Researchers discover culprit in deadly COVID-19 lung inflammation

Graphical abstract of findings presenting an in vitro human model that simulates the initial apical infection of alveolar epithelium with SARS-CoV-2 by using induced pluripotent stem cell-derived AT2s that have been adapted to air-liquid interface culture.
Credit: Jessie Huang et al, Cell Stem Cell.

A team of NHLBI-funded researchers has discovered a biological pathway that triggers deadly levels of lung inflammation when activated by SARS-CoV-2, the coronavirus that causes COVID-19. The findings, published in the journal Cell Stem Cell, have launched a search for new treatments that could block the onset of this process.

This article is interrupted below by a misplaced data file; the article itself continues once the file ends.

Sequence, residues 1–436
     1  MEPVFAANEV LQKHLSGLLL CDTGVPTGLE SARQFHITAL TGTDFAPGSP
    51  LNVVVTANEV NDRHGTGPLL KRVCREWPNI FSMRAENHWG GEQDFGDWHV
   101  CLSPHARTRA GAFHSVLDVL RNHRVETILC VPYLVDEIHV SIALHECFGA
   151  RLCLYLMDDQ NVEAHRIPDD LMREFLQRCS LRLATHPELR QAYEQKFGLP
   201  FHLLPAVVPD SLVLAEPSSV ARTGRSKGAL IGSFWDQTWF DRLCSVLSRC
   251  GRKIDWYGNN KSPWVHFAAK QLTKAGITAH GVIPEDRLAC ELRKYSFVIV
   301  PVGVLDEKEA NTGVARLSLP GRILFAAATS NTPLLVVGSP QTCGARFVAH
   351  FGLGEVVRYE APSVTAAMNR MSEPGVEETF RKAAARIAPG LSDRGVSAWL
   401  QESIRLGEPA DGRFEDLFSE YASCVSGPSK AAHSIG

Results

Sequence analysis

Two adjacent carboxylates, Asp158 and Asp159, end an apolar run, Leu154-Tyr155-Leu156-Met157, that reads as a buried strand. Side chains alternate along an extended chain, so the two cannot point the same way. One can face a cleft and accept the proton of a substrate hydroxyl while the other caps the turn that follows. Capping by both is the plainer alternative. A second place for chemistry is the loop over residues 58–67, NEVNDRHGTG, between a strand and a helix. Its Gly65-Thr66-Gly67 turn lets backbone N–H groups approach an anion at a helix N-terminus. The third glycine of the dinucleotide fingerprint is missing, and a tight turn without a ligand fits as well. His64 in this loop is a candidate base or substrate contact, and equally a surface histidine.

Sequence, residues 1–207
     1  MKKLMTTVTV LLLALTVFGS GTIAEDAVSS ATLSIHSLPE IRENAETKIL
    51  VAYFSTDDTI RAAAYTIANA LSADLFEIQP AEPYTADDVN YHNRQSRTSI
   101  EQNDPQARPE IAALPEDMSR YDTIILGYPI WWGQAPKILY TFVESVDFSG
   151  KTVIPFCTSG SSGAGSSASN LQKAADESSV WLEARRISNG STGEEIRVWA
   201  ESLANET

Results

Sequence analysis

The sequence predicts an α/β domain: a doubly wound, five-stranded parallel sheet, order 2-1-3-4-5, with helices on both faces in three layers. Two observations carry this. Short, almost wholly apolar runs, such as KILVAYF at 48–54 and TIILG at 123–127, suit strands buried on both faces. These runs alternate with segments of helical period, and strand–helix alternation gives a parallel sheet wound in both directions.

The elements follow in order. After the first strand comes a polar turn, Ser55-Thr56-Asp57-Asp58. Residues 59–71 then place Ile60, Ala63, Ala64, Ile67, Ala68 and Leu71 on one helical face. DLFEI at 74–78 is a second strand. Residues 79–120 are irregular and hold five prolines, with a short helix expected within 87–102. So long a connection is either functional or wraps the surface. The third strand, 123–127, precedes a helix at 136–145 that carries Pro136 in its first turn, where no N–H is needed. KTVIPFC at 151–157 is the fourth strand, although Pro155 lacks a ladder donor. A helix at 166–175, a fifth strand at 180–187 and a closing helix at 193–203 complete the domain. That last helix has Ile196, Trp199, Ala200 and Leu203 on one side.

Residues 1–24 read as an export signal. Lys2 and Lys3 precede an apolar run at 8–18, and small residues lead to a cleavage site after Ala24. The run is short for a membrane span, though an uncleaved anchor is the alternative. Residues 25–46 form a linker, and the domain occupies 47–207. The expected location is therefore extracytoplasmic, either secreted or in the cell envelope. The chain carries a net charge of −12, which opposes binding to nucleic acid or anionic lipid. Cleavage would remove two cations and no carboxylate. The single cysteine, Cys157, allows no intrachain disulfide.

Early on, after the infection has set in, SARS-CoV-2 suppresses the lung cells’ ability to call in the help of the immune system to fight off the viral invaders the scientists found. Instead, the virus activates a pathway that pours out inflammatory proteins, which, in the body of an infected person, drive up the levels of inflammation in the lungs.

When the signal to the immune system goes out, several days later, the virus has had ample time to spread and kill cells, triggering a buildup of dead cell debris and further inflammation. Then, an army of immune cells swarms into lung tissue heavily laden with infected, dead, and dying cells and with unchecked levels of inflammation. As these cells try to do their job and destroy every infected cell in their path, they compound the problem and the inflammation inches ever closer to sending the lungs and other organs into total failure.